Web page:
Azadovskii, Mark Konstantinovich (1888– 1945) Russian folklorist whose expeditions in 1913–1915 took him to the Amur and Lena Rivers in Siberia, where he gathered materials on folk narratives from the local peasants. He is best known for his collection of tales told by Natalia Osipovna Vinokurova, which he published and also described in a 1926 German publication called Eine sibirische Märchenerzählerin. This study of a Siberian tale teller has been repeatedly praised by folktale scholars as a pioneering and exemplary work. Azadovskii saw storytelling as a complex act that cannot be fully appreciated on the basis of the study of written records or “texts” of orally transmitted tales. He viewed tales as expressive manifestations of the personalities of the communicators and the surroundings within which the narrators learn and continue to practice their art. He speaks of determining “those formative forces which govern the generation of a folktale,” and discovering the underlying “artistic purpose” of storytelling. Thus, for him the study of narrative traditions was “inseparably bound up with the study of the creative individuality of the narrator.” To demonstrate his ideas, Azadovskii focused on the tales told to him by his primary informant, N. O. Vinokurova. Later he became particularly interested in the interrelations between oral and written traditions. Unfortunately, his work remains largely unknown outside the Russian-speaking world.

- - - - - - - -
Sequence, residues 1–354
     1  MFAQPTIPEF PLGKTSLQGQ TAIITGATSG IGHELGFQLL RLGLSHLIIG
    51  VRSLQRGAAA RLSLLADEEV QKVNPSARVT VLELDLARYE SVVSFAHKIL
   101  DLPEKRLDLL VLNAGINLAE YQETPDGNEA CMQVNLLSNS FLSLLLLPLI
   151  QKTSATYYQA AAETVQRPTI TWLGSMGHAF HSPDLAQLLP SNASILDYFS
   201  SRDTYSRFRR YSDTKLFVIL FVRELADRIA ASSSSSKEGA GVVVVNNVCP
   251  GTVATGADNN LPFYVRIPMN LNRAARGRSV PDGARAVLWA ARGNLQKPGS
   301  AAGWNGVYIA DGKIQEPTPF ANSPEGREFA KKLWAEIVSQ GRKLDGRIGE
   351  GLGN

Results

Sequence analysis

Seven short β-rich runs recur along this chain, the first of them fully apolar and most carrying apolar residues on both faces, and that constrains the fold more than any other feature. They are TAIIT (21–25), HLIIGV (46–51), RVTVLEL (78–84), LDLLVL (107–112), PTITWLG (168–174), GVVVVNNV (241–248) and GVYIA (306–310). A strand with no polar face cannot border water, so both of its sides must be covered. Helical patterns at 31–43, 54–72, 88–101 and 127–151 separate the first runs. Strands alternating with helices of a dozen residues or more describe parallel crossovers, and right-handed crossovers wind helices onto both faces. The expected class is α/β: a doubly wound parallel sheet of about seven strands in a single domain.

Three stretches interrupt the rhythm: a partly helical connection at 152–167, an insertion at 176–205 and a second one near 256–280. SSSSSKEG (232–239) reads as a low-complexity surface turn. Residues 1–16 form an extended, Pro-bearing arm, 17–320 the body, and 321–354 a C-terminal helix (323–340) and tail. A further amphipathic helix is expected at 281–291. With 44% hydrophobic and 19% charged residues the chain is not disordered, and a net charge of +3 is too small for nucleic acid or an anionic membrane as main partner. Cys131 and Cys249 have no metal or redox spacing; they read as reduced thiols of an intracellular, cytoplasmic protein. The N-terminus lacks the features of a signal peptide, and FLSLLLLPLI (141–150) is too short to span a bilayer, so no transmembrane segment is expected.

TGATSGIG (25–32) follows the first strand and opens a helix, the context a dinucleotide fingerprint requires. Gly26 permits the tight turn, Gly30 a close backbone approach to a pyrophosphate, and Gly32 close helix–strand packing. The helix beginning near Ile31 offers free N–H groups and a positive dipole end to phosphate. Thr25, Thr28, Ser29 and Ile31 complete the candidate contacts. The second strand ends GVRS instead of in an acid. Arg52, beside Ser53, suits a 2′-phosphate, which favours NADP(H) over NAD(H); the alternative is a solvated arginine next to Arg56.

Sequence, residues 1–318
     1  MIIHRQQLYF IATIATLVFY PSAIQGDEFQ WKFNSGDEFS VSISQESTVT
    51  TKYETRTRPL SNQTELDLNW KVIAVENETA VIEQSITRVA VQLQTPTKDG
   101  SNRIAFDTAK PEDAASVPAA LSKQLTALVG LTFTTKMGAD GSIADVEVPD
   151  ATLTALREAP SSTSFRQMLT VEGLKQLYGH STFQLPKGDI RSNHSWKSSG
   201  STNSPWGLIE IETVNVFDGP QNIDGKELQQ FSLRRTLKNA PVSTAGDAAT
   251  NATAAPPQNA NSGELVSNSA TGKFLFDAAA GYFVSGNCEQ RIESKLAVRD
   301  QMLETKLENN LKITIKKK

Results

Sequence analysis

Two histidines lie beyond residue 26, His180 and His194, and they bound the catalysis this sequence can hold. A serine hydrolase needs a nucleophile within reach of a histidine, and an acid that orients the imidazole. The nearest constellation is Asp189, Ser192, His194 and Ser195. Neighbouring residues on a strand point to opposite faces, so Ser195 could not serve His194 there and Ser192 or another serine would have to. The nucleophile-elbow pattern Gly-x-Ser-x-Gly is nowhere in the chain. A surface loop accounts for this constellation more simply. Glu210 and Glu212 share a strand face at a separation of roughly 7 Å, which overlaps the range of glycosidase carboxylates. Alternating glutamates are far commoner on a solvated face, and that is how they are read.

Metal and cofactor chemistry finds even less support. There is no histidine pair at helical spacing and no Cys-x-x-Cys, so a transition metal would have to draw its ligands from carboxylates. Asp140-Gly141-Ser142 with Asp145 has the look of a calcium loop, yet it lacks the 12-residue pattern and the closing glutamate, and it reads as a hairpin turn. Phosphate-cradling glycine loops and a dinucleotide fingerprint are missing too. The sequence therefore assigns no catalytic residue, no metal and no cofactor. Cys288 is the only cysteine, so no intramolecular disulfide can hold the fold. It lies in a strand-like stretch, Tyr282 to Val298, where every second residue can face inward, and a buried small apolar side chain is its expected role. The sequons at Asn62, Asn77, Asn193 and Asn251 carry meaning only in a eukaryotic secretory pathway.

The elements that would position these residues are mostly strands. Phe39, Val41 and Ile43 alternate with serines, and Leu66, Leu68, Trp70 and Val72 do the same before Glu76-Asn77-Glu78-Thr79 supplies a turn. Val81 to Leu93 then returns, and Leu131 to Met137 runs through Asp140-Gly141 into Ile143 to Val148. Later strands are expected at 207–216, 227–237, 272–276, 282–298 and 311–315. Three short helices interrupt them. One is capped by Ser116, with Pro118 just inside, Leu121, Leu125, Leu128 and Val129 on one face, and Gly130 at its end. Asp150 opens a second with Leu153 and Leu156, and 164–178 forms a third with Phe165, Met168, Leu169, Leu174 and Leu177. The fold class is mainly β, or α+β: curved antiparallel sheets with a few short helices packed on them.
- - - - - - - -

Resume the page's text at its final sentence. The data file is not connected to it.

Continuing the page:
Encyclopedia of World Mythology and Legend, Third Edition – Written by Anthony S. Mercatante & James R. Dow – Copyright © 2009 by Anthony S. Mercatante